4_key_areas_of_the_digital_workplace

4 key areas of the digital workplace that leaders must pay more attention to - or face the consequences

The remote vs. office debate is over. Today, hybrid working is almost a done deal. But it would be impossible without the 'digital workplace' - the unsung hero of hybrid working.

Slack, Google Workspace and Microsoft Outlook have collectively become your digital workplace. It is where employees connect, communicate and get work done, wherever they are physically located and whenever they work. Yet despite their importance to almost every part of modern working lives, companies have not given enough attention to these critical systems. It’s time to start.

Here are 4 key areas that leaders must pay more attention to - or face the consequences.

Meeting productivity

According to the Microsoft Work Trends report released in Spring 2022, the number of meetings per week had increased by 153% globally for the average Microsoft Teams user since the start of the pandemic.

And there is no indication that this trend has been reversed – rather, that this peak in meetings could become a new reality for digital working.

On top of an already high meeting load, overlapping meetings increased by 46% per person in the past year. And users are increasingly flooded with meeting invites.

This is a problem. 71% of employees feel like they waste time on unnecessary or cancelled meetings. According to Booqed, for every single one of your employees, a whole day every month is lost to unproductive meetings. And there’s a huge monetary cost to this.

Key metrics to pay attention to:

  • Amount of time in meetings
  • Number of meetings accepted, rejected, attended etc.
  • Meeting length
  • Meeting size
how long do employee spend in meetings

Tooling efficiency

Earlier this month, Bloomberg reported that companies deployed 89 different apps on average in 2021, up from 58 in 2015.

At large employers, that figure shoots to 187 different apps.

But more tech does not equal more efficient work – in fact, that’s very far from the reality of a modern digital workplace where of those apps, close to 30% are duplicative or add no value.

Now, imagine being able to reduce 30% of your software licensing cost. And imagine the impact that would have on your employee’s experience, how much freer information could flow around your organisation and efficiently the digital workplace could operate.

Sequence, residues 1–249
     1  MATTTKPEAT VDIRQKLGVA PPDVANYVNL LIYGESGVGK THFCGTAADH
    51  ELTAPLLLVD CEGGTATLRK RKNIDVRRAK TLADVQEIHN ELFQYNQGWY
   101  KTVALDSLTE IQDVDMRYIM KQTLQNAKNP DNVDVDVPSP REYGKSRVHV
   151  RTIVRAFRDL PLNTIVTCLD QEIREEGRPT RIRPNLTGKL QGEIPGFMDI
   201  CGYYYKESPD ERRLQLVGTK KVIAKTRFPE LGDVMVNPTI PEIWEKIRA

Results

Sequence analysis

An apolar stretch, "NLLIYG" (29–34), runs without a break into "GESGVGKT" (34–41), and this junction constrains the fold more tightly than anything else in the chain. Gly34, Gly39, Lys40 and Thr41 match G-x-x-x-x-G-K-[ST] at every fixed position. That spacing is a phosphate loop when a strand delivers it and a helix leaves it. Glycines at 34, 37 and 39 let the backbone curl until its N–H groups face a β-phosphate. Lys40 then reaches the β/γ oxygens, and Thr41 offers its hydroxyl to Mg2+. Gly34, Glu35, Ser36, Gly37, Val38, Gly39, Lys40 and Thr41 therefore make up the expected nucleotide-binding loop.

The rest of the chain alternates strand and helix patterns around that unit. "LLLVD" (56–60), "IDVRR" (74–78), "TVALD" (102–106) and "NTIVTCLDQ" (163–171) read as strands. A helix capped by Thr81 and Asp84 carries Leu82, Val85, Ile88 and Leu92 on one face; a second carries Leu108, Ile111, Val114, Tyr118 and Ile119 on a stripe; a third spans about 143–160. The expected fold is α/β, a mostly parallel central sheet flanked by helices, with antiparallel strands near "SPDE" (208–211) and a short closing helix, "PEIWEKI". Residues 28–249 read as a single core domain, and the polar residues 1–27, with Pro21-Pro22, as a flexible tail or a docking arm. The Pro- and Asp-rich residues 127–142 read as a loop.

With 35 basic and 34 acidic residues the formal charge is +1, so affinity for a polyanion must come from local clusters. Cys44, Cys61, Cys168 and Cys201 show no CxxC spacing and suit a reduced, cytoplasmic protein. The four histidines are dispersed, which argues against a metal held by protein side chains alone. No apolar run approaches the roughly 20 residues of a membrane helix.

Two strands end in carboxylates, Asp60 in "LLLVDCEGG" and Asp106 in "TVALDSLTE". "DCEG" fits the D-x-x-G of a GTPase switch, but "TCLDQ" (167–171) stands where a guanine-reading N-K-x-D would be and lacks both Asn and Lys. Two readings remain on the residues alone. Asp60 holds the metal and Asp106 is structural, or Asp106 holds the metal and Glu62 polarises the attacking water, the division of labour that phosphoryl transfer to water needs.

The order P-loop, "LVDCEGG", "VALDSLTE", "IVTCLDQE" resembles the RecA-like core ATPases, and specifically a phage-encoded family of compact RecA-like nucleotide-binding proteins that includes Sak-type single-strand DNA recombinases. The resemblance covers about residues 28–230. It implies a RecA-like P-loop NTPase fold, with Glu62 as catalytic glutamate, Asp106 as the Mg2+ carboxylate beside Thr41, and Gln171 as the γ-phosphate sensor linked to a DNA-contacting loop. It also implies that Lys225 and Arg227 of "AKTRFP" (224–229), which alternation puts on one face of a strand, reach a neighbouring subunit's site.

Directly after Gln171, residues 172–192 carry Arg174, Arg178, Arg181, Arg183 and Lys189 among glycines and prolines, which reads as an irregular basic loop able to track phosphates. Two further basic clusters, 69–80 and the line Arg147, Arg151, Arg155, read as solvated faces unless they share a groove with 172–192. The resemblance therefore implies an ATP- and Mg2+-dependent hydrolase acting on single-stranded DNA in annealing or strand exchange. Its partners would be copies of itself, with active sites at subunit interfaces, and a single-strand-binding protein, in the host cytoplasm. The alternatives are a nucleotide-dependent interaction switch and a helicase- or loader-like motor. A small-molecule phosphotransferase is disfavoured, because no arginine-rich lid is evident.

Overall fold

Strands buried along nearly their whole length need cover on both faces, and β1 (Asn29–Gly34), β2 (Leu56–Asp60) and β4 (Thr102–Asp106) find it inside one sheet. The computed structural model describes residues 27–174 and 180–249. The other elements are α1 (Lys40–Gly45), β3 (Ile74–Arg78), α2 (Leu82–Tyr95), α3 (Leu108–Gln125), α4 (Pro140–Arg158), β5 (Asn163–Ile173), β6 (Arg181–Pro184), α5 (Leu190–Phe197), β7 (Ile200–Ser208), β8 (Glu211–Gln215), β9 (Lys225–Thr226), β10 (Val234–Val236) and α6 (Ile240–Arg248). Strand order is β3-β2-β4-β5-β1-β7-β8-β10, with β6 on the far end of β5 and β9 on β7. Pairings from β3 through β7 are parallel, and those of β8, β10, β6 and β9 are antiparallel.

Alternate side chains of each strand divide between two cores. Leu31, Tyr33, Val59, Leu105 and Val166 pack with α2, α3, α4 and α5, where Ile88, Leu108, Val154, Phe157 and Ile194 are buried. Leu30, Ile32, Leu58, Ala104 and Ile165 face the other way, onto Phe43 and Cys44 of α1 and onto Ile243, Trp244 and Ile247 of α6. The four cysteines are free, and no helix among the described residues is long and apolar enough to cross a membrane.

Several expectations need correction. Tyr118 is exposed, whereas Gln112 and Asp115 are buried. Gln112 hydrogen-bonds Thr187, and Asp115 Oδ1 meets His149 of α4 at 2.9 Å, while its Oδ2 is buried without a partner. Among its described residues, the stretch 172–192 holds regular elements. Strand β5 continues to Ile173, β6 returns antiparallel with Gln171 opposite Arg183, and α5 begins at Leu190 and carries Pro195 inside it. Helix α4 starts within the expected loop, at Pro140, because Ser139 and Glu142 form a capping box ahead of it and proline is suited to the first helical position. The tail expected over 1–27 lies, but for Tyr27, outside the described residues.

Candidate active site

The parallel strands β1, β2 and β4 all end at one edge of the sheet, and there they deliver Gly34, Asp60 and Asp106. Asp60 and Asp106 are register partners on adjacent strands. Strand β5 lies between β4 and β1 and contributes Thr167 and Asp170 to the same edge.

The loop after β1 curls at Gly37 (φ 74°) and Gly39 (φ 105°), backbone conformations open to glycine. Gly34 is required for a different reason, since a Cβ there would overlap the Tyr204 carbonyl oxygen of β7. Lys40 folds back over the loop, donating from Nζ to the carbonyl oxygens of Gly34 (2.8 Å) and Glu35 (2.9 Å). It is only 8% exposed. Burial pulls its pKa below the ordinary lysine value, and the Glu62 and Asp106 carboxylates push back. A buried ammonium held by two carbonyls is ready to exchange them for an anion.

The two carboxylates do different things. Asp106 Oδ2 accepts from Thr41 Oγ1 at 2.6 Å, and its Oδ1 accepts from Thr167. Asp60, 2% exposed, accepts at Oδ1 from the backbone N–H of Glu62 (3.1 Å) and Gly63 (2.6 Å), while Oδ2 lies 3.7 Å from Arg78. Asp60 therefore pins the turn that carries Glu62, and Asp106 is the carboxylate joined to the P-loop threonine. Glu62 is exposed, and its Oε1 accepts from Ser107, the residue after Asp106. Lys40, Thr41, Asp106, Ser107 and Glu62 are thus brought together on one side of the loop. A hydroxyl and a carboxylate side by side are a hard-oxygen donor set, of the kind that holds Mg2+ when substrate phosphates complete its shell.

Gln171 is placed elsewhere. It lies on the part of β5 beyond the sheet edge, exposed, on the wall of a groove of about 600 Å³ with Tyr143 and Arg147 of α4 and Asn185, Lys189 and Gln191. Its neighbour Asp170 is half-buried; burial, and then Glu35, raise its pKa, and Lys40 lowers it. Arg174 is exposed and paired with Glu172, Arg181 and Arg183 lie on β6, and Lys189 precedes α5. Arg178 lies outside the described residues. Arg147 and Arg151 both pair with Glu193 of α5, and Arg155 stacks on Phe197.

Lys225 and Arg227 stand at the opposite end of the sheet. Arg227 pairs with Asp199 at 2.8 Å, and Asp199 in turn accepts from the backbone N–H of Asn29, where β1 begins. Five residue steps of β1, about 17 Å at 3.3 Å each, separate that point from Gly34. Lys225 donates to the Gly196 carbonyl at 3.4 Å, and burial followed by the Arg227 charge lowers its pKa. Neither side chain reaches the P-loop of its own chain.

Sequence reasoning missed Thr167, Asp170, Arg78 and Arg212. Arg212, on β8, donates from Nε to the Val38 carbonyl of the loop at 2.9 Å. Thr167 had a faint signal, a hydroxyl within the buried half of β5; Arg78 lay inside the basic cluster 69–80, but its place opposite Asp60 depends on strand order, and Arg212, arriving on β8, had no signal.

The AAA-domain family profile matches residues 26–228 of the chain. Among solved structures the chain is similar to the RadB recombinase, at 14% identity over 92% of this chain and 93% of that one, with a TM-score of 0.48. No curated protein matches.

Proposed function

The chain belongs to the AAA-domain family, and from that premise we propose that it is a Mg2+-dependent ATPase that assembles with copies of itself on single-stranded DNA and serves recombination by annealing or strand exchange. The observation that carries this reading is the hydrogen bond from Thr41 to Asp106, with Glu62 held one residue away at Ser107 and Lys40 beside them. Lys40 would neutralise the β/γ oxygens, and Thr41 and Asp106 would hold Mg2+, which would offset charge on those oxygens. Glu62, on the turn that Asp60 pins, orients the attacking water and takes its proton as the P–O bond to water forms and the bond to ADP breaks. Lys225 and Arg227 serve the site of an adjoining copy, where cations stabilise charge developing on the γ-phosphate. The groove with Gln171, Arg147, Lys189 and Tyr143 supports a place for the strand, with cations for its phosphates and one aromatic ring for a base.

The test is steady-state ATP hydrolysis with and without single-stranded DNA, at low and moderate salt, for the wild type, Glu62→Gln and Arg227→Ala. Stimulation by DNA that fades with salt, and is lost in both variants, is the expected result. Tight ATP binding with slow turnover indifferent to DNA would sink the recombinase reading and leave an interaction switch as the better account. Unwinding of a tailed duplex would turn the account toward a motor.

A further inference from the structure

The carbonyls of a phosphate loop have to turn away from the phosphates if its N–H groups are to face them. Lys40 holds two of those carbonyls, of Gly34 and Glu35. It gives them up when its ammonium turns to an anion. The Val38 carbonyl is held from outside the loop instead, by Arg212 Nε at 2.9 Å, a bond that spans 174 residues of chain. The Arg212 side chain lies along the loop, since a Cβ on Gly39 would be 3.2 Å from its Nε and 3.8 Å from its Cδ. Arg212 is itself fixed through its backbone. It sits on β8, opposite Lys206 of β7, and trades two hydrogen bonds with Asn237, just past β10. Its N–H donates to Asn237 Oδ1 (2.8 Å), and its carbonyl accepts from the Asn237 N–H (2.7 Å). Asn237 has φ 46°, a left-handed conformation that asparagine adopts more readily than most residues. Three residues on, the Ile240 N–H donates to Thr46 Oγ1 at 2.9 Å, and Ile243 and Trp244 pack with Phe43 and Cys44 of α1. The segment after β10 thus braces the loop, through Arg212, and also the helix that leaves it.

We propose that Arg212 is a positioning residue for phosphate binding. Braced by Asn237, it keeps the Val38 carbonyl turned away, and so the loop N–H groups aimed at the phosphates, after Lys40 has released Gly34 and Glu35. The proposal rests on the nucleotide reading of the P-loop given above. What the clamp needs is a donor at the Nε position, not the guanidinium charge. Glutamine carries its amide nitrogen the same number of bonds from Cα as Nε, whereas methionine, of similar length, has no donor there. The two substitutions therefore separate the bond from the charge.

Key metrics to pay attention to:

  • Adoption across regions
  • Participation rate in channels
  • Number of active channels

Context switching

We know that companies have adopted tens, maybe hundreds, of new apps to support their digital workplace strategy. Yet a third are duplicative or add no value to the organisation.

Beyond not adding any additional value, a swelling tech stack causes information silos and according to Gartner, 50% of an employee’s time is sunk into simply finding information and relevant documents.

As a result, employees switch apps and websites an average of 1200 times a day.

Yes, you read that right. 1200 times a day.

And according to the Harvard Business Review study, just under four hours each week is spent on “reorienting themselves after toggling” — that’s almost 10% of their time at work just on getting back to a task.

The time wasted and financial cost of this chaotic, bloated digital environment is huge. And the human cost of disengagement, poor employee experience and eventually, unwanted attrtion, is on the rise.

Can you afford for people to leave your company because of the way your digital workplace has grown out of control?

Key metrics to pay attention to:

  • Disengagement by demographic
  • Crash in messages sent
  • Channel sentiment over time

The connection paradox

We’ve been sold our digital workplace tools on the promise of greater collaboration, better communication and a stronger sense of connection.

But these tools that are supposed to make us closer, may actually be the things pushing us apart. This is the connection paradox.

It’s not something to be overlooked or dismissed as emotional fluff, connection and your organisation’s social capital is one of the biggest factors in your productivity. According to IDC’s Getting Ahead, Staying Ahead report from October last year, “it’s not enough only to be fast and disruptive; companies must also be tightly connected to succeed.”

Today, 65% of employees feel disconnected.

Much of this disconnection stems from poor or uninformed decision-making from leadership teams that have neither an understanding of connection inside their organisation nor employee input – the employee-executive disconnect.

In a recent Future Forum survey, 60% of executives said they’re designing their companies’ policies with little to no direct input from employees.

Future Forum explains that this means they’re deciding policies based almost solely on the perspectives of people who share the same experiences and external stressors as them – therefore discounting the multi-facted challenges faced by different demographics across the organisation and relative needs.

Key metrics to pay attention to:

  • Organisational network patterns
  • Relationship strength over time
  • Utilisation of digital workplace tools by seniority

Want to learn more about the digital workplace and how you can get more from it? We’ll be covering these 4 areas and more in the digital workplace webinar series.

The first event starts on Wednesday 2nd November | 13:00 – 13:45 GMT followed by a series of key topics.

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